"Great meerkat attack on Dutch parson" Read the full letter
Collection Summary | View All |  Arrange By:
< Prev |
Viewing Item
of 1039 | Next >
Letter ReferenceLetters/584
Epistolary Type
Letter DateJanuary 1920
Address From9 Porchester Place, Edgware Road, Westminster, London
Address To
Who ToAdela Villiers Smith nee Villiers
Other VersionsCronwright-Schreiner 1924: 366-7
PermissionsPlease read before using or citing this transcription
When Cronwright-Schreiner prepared The Letters of Olive Schreiner, with few exceptions he then destroyed her originals. However, some people gave him copies and kept the originals or demanded the return of these; and when actual Schreiner letters can be compared with his versions, his have omissions, distortions and bowdlerisations. Where Schreiner originals have survived, these will be found in the relevant collections across the OSLO website. There is however a residue of some 587 items in The Letters for which no originals are extant. They are included here for sake of completeness. However, their relationship to Schreiners actual letters cannot now be gauged, and so they should be read with caution for the reasons given.
1To Mrs. Francis Smith.
29, Porchester Place, London, Jan.
4... No, people don't tire me. Unless they are personally very rude or
5unkind to me, they are a rest. I never find human beings a stimulant;
6they are a narcotic. My sister Ettie is the only person I've ever
7heard express what I've always felt; she said, "It's good to have
8human beings about you, it stops you from thinking and feeling too
9much." When I was strong and able to work I loved solitude, and
10thought human creatures were often such a bore because they stopped
11one from really thinking and from feeling intensely. ... Now, when I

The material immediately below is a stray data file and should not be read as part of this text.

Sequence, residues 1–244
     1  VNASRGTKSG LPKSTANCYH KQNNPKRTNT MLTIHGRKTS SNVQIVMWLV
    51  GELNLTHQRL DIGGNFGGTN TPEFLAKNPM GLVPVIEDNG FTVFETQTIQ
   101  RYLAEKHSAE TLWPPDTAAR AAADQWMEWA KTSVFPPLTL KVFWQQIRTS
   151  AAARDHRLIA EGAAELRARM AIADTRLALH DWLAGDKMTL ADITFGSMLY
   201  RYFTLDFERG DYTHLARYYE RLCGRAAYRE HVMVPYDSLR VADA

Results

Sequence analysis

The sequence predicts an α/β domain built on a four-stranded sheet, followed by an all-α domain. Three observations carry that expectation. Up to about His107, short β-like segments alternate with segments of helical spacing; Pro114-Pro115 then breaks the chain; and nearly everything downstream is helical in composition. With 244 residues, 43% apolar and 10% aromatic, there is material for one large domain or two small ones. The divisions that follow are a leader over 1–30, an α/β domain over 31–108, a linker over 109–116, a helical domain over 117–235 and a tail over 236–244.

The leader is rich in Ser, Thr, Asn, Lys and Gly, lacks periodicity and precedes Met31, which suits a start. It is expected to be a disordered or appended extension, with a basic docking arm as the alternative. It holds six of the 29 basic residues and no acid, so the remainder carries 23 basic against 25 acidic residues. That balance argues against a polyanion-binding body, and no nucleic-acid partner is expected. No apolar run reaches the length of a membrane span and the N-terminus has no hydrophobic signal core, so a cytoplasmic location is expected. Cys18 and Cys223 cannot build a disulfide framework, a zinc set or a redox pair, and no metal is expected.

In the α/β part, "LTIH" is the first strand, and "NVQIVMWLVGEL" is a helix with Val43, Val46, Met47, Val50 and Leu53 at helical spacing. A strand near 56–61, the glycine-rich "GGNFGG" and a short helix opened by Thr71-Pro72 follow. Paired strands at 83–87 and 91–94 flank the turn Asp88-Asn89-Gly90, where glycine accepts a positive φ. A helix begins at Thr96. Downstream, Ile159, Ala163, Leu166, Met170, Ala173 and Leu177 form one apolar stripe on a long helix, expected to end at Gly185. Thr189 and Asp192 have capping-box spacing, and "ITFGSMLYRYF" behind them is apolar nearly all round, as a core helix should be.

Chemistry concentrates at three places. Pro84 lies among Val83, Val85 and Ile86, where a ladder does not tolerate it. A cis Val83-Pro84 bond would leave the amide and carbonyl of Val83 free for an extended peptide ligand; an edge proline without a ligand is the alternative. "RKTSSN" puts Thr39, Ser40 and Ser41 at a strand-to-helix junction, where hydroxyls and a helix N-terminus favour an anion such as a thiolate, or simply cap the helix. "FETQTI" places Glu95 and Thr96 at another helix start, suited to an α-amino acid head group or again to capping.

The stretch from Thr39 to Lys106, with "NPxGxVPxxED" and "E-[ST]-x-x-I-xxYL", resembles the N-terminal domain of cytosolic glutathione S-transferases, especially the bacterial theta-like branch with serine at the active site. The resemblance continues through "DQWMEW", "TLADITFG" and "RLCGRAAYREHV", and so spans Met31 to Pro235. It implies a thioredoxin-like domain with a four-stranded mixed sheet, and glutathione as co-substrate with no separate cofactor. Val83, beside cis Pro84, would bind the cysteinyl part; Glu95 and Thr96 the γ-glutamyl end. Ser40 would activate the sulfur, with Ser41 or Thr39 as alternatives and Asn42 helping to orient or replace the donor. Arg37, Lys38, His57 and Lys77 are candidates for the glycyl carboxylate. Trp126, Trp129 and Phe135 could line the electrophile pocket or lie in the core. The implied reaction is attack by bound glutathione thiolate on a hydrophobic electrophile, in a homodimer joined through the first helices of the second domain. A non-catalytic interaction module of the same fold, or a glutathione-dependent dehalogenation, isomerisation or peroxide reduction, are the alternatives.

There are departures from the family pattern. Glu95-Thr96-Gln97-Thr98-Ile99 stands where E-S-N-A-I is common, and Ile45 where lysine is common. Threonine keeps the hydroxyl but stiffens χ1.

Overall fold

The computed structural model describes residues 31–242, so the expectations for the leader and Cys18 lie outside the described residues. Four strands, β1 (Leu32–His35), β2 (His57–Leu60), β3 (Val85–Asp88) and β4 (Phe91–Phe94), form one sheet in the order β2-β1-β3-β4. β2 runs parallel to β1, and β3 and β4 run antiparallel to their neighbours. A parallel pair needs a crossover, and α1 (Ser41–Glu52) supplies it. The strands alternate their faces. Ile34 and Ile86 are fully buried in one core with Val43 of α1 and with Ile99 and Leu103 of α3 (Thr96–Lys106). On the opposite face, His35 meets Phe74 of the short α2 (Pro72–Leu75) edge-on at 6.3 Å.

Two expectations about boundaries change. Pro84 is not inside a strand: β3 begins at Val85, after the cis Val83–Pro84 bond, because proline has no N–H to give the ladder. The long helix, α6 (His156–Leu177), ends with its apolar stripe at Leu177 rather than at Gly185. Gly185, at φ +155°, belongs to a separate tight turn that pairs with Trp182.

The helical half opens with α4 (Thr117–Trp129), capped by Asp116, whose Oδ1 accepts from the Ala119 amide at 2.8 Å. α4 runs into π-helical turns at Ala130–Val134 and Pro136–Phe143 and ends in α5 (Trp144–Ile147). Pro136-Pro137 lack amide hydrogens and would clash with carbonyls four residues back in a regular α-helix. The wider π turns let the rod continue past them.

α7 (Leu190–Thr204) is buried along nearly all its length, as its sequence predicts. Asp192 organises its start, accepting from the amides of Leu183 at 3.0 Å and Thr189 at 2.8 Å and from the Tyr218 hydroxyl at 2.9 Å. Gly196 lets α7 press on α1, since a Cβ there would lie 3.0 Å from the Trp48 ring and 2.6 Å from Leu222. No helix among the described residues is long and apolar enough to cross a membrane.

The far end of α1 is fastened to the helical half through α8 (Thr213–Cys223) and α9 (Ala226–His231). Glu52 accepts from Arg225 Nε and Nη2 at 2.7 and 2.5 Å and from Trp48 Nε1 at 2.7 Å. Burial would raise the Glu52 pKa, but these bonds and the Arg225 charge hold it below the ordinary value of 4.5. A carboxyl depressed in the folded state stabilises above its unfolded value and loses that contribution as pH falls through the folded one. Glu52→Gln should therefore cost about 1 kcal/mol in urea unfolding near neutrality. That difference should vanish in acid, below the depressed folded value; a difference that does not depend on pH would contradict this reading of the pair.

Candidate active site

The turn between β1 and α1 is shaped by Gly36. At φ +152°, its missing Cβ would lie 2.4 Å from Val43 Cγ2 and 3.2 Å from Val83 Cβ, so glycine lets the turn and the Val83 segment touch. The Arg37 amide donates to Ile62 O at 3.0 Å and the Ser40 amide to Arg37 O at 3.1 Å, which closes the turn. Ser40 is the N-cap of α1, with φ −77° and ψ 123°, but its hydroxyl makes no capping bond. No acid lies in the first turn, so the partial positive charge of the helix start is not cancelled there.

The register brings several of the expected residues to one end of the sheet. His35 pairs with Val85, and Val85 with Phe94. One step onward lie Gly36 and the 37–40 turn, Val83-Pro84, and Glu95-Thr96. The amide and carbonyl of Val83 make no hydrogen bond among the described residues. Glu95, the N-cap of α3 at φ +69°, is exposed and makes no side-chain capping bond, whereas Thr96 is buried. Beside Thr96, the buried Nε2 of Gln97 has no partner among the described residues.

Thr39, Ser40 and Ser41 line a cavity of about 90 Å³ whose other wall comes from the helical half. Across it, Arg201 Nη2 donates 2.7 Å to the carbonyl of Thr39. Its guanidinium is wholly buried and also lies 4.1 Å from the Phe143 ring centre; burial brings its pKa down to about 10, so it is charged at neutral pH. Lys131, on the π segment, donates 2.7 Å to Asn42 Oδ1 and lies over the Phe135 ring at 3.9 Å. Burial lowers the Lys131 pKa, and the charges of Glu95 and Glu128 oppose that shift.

12am always trying to stop myself from thinking and feeling too much,
13almost any kind of human creature is a rest. I try to get the old
14woman to stop when she brings up my coals just that I may see her. If
15I were rich and could afford it I should go every night to a theatre
16or a music hall or a dance club. (I've only been to a theatre once in
17the last three years and never to a dance club!) Because it's so
18restful to sit still and see masses of human beings about you and
19watch them and sort of live through them. If I didn't get out in the
20omnibus every day I couldn't live - I'd have been dead long ago.
21Partly it's the shaking of the omnibus that does me such good, but the
22great thing is to see the human beings - even though they are often so
23rude and unkind to each other since the war! But a sweet thing
24happened to-day. I had to go to the dentist, and it was awful to have
25to walk from Oxford St. to Wimpole Street because there's no bus - but
26when I was in Wimpole St. a dear old woman came up to me and said,
27"You are very very bad, do take my arm! I can see it's your heart." I
28thanked her and said I was only two doors from the house - but wasn't
29it sweet? I think those little kindnesses, from people who don't know
30who or what you are, are in a way almost more than the kindness of
31those you know - because it’s just general human kindness - it’s
32mankind feeling for mankind!